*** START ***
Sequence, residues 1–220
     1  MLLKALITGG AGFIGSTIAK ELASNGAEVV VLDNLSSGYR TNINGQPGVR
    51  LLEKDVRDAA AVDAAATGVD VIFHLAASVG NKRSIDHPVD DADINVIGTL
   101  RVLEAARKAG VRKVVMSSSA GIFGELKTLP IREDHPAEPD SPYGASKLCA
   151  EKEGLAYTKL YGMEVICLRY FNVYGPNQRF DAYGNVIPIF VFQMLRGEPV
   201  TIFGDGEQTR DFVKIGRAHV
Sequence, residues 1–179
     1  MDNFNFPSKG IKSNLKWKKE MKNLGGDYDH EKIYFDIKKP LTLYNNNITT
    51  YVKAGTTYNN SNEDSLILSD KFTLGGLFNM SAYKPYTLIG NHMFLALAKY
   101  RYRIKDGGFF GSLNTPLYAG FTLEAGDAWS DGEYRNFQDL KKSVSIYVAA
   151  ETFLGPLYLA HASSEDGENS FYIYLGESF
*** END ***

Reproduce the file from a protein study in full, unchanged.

Sequence, residues 1–220
     1  MLLKALITGG AGFIGSTIAK ELASNGAEVV VLDNLSSGYR TNINGQPGVR
    51  LLEKDVRDAA AVDAAATGVD VIFHLAASVG NKRSIDHPVD DADINVIGTL
   101  RVLEAARKAG VRKVVMSSSA GIFGELKTLP IREDHPAEPD SPYGASKLCA
   151  EKEGLAYTKL YGMEVICLRY FNVYGPNQRF DAYGNVIPIF VFQMLRGEPV
   201  TIFGDGEQTR DFVKIGRAHV
Sequence, residues 1–179
     1  MDNFNFPSKG IKSNLKWKKE MKNLGGDYDH EKIYFDIKKP LTLYNNNITT
    51  YVKAGTTYNN SNEDSLILSD KFTLGGLFNM SAYKPYTLIG NHMFLALAKY
   101  RYRIKDGGFF GSLNTPLYAG FTLEAGDAWS DGEYRNFQDL KKSVSIYVAA
   151  ETFLGPLYLA HASSEDGENS FYIYLGESF